November 25, 2016

Let's look at two National Wildlife Refuges in New Mexico.

New Mexico

Las Vegas National Wildlife Refuge

In 1965, the Las Vegas National Wildlife Refuge was established by the authority of the Migratory Bird Conservation Action for the benefit of migratory birds. The 8,672-acre refuge represents one of the few sizeable wetland areas remaining in New Mexico. It is open to the public for wildlife-dependent recreation, including wildlife watching, hiking, hunting, educational and interpretive programs and special events.

--NWR website

The refuge is east of Las Vegas, New Mexico and is somewhat defined on its western border by the Gallinas River.


The visitor center has the expected displays of what you might expect to find in the refuge as well as a good supply of scopes and reference material.


These ponds were once pretty common.  Changes in irrigation have made them more sparse, and less dependable through the year.  That's where refuge land and water management comes in.


There's a footpath that takes you towards the Gallinas River (although not all the way).  It's not a difficult path to follow, but you need to pay attention.


People once lived in these hills.  Even stone houses will eventually decay.

Look for the small rocks and you'll see the trail.


This creek eventually will reach the Gallinas River.  The trail doesn't go that far.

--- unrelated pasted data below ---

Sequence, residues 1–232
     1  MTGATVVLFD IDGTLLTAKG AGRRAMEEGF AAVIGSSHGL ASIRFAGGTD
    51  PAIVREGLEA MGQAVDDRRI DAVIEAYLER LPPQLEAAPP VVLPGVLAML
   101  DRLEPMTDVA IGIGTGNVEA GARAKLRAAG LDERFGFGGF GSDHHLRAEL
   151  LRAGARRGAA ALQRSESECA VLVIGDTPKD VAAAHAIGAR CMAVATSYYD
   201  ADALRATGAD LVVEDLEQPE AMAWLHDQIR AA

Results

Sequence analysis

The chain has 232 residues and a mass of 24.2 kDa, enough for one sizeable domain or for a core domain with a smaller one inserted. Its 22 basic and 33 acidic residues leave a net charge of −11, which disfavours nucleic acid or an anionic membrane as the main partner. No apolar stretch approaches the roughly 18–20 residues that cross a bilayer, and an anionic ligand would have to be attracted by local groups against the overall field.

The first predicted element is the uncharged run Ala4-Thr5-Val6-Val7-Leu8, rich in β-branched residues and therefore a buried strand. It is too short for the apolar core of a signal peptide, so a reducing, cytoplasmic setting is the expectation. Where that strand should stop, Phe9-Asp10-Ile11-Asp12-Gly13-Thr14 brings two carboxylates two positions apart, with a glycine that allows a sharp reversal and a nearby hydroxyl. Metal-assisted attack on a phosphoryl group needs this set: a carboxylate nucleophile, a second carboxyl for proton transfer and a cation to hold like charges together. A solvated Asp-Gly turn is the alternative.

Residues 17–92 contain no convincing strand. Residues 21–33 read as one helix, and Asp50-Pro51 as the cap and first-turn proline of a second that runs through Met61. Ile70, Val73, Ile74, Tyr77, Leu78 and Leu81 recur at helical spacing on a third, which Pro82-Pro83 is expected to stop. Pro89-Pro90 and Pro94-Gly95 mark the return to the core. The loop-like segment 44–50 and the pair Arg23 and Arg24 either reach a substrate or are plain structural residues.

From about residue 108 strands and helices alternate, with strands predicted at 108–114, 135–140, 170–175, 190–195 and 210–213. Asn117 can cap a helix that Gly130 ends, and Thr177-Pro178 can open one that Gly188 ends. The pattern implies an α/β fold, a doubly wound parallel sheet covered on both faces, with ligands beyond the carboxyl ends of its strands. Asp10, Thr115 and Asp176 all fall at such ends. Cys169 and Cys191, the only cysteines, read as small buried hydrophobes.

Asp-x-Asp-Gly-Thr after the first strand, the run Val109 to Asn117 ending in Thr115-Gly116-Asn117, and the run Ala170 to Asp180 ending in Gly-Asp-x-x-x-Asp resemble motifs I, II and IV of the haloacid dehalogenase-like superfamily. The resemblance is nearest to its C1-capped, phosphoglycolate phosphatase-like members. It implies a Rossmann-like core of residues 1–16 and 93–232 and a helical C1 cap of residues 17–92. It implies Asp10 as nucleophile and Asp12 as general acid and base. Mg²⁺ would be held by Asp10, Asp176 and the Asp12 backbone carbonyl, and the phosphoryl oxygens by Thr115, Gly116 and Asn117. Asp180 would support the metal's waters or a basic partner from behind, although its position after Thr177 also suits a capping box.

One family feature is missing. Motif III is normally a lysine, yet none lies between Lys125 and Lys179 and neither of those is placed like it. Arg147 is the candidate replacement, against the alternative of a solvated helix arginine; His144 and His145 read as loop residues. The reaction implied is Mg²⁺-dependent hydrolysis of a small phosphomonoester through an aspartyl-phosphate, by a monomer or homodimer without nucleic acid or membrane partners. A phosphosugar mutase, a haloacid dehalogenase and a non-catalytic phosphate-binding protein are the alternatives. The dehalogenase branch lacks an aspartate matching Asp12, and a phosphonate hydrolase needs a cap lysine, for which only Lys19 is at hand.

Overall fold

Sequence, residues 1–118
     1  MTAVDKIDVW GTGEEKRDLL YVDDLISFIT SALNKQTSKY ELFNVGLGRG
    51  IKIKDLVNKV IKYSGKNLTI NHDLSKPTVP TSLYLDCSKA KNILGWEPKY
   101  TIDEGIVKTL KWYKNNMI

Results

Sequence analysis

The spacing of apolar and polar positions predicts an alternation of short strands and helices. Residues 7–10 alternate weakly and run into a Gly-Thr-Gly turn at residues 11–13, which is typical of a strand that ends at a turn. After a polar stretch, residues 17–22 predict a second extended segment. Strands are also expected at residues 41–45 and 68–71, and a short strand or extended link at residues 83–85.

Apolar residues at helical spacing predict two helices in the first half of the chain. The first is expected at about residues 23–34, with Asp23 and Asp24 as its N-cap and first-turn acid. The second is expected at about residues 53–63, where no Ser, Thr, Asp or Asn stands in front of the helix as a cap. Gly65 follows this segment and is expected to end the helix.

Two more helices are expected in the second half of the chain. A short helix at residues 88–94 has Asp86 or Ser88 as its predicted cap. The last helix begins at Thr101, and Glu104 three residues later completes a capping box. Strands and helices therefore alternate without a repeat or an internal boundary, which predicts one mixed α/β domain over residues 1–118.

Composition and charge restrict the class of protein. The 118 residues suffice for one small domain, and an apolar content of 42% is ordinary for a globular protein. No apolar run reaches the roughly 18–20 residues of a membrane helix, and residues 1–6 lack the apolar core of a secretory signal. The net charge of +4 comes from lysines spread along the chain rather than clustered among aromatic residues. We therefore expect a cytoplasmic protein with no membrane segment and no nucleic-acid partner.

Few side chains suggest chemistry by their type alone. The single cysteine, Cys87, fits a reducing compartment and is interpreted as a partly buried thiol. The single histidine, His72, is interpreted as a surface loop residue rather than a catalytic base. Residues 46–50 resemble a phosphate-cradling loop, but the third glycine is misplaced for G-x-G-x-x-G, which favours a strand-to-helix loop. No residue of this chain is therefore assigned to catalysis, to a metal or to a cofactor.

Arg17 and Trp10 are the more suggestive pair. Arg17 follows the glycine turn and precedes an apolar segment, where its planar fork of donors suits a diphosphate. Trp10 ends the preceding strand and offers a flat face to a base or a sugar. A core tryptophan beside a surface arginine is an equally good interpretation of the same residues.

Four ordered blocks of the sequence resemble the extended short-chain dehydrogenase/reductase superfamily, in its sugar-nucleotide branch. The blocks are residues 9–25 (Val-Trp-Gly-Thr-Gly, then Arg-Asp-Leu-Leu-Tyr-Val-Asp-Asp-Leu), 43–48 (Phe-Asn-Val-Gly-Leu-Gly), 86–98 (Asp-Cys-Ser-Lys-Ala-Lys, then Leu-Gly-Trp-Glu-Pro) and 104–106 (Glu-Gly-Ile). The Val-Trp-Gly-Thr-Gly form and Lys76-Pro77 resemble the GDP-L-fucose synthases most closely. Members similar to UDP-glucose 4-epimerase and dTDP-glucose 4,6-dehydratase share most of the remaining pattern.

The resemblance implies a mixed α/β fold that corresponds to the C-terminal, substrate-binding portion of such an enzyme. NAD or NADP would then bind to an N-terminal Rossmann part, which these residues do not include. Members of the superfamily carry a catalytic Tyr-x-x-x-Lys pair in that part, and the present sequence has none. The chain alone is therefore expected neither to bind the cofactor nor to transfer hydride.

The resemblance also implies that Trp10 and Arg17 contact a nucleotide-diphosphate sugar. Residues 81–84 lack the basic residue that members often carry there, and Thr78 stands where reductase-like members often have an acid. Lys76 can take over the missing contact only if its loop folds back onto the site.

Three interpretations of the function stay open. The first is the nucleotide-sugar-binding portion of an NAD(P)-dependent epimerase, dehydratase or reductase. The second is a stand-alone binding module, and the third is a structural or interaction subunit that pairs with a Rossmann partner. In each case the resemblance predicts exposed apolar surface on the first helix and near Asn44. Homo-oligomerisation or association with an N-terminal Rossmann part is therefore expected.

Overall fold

Birds are happy here.

Maxwell National Wildlife Refuge

Located in northeastern New Mexico at an elevation of 6050, Maxwell National Wildlife Refuge encompasses 3,699 acres of short-grass prairie, playa lakes, woodlots, wetlands, and crop fields.  The refuge sits in an open basin surrounded by high mesas to the northeast and the Sangre de Cristo Mountains to the west.  Since 1965 this landscape has been managed for the benefit of wildlife and has provided feeding and resting habitat for migratory birds.

--NWR website

The Maxwell reserve is not far from the small town of Maxwell.  This land was once part of the enormous Maxwell land grant, which was the largest continuous land holding in the United States.


Birds like it here, too.

The edge between the Great Plains and the Rocky Mountains is an interesting area.



last edit: 12/11/2016